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Political scientist

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Summary of occupation

Political scientists study and analyse the ways in which governments and political systems are organised, and the relationship between government, society and the economy. They seek to resolve political problems through practical and theoretical means by offering advice to and commentary on the way in which governments operate. They research elections, laws, political groups, write reports on their findings, contribute to media discussion on politics, liaise with international government organisations, and provide advice to governments, politicians, non-government organisations (NGOs), and other groups and individuals with an interest and stake in the political system.

ANZSCO description: Political scientists study and analyse the ways  in which governments and political systems are organised, and the  relationship between government, society and the economy.
Alternative names: Political Researcher
Job prospects: Limited
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Knowledge, skills and attributes

A political scientist needs:

  • an interest in politics and the government system
  • strong oral and written communication skills
  • the ability to stay up-to-date on current affairs
  • research, analysis and interpreting skills
  • planning and organisation skills
  • the ability to interpret statistics
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Working conditions

Political scientists work mostly in the offices of government departments, private research institutions, universities or non-profit organisations. They usually work regular business hours, but may be expected to work longer hours to ensure deadlines are met. Political scientists may be expected to travel to attend conferences or to research political systems or situations taking place interstate or internationally. Political scientists usually require direct access to those involved in the political system, such as parliamentarians, as well as to the media. In Western Australia therefore, they mostly work in Perth.

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Salary details

On average, political scientists, classified under social professionals, can expect to earn between $1 250 and $1 499 per week ($65 000 and $77 999 per year), depending on the organisation they work for, and their level of experience. As a political scientist develops their skills, their earning potential will generally increase.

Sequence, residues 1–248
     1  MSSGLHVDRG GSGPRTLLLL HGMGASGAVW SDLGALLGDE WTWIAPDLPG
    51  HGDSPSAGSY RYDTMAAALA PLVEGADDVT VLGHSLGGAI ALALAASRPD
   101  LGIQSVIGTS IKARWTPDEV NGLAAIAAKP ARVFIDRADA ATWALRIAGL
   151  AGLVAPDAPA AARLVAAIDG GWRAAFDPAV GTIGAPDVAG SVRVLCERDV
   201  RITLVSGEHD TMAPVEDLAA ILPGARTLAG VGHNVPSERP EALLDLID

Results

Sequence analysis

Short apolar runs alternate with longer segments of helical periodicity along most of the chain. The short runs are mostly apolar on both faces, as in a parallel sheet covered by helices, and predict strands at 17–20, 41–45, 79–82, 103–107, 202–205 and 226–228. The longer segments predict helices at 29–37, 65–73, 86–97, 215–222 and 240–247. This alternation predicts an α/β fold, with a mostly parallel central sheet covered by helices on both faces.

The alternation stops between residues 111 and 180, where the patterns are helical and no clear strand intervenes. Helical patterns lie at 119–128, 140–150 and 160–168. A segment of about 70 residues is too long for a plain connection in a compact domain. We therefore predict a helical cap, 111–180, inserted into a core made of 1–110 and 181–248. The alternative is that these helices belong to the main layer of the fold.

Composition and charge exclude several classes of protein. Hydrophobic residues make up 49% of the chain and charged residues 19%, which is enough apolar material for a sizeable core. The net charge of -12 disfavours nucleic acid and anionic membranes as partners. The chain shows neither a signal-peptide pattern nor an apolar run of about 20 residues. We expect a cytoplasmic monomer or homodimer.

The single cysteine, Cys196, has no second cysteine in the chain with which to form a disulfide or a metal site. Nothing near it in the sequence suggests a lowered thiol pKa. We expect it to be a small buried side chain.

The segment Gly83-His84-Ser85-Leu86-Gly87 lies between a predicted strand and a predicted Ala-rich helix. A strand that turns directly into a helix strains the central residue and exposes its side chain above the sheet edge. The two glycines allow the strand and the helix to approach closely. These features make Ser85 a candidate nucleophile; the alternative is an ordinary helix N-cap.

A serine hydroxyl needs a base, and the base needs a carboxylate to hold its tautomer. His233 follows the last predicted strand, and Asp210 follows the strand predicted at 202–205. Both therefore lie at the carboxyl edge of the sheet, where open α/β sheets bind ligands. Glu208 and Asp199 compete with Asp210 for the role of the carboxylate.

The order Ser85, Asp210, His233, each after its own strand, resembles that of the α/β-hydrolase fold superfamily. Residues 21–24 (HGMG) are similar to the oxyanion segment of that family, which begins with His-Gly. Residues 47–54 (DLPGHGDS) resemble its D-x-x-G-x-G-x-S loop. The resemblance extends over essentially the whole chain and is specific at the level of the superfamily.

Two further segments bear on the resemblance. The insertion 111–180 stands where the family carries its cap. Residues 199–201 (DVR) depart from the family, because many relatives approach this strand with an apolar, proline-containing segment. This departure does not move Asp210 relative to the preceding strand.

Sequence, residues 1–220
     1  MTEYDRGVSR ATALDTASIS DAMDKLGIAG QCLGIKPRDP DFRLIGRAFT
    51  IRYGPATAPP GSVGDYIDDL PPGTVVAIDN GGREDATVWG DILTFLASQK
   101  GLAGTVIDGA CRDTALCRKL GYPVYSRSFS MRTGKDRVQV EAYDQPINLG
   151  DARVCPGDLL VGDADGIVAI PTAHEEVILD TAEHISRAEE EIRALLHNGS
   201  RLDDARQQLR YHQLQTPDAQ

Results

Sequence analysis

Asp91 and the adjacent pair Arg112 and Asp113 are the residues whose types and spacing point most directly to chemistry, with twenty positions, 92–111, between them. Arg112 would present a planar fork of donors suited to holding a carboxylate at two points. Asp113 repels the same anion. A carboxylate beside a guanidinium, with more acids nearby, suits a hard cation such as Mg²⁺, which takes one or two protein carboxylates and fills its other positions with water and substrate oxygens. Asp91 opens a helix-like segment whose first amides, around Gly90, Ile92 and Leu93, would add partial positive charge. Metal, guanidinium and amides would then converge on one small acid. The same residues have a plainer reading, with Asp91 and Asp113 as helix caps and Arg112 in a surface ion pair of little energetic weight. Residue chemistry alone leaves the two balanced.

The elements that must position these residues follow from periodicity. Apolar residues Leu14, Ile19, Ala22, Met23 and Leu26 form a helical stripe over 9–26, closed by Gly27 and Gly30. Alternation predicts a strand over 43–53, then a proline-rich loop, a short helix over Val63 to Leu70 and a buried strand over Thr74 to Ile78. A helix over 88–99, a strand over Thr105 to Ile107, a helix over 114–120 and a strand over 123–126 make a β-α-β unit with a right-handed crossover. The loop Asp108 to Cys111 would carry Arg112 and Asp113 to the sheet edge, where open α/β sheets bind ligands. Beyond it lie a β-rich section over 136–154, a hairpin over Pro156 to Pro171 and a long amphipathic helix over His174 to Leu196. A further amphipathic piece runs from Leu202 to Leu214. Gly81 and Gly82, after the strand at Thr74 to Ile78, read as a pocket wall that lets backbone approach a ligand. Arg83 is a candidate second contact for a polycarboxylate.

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Tools and technologies

Political scientists use computers and other office equipment. They also refer to books about political theory, libraries, databases and archives, and research reports and policy documentation. They may use audio recording equipment to document their research, and media archives to find documented material that refers to their research topic.

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Education and training/entrance requirements

To become a political scientist you usually need to complete a degree majoring in politics, political science or international relations.

Most universities in Western Australia offer relevant courses. Contact the universities you are interested in for more information.

Related courses

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Apprenticeships and traineeships

As an apprentice or trainee, you enter into a formal training contract with an employer. You spend most of your time working and learning practical skills on the job and you spend some time undertaking structured training with a registered training provider of your choice. They will assess your skills and when you are competent in all areas, you will be awarded a nationally recognised qualification.

If you are still at school you can access an apprenticeship through your school. You generally start your school based apprenticeship by attending school three days a week, spending one day at a registered training organisation and one day at work. Talk to your school's VET Co-ordinator to start your training now through VET in Schools. If you get a full-time apprenticeship you can apply to leave school before reaching the school leaving age.

If you are no longer at school you can apply for an apprenticeship or traineeship and get paid while you learn and work.

Related apprenticeships

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Recognition of prior learning

If you think you already have some of the skills or competencies, obtained either through non-formal or informal learning, you may be able to gain credit through recognition of prior learning.

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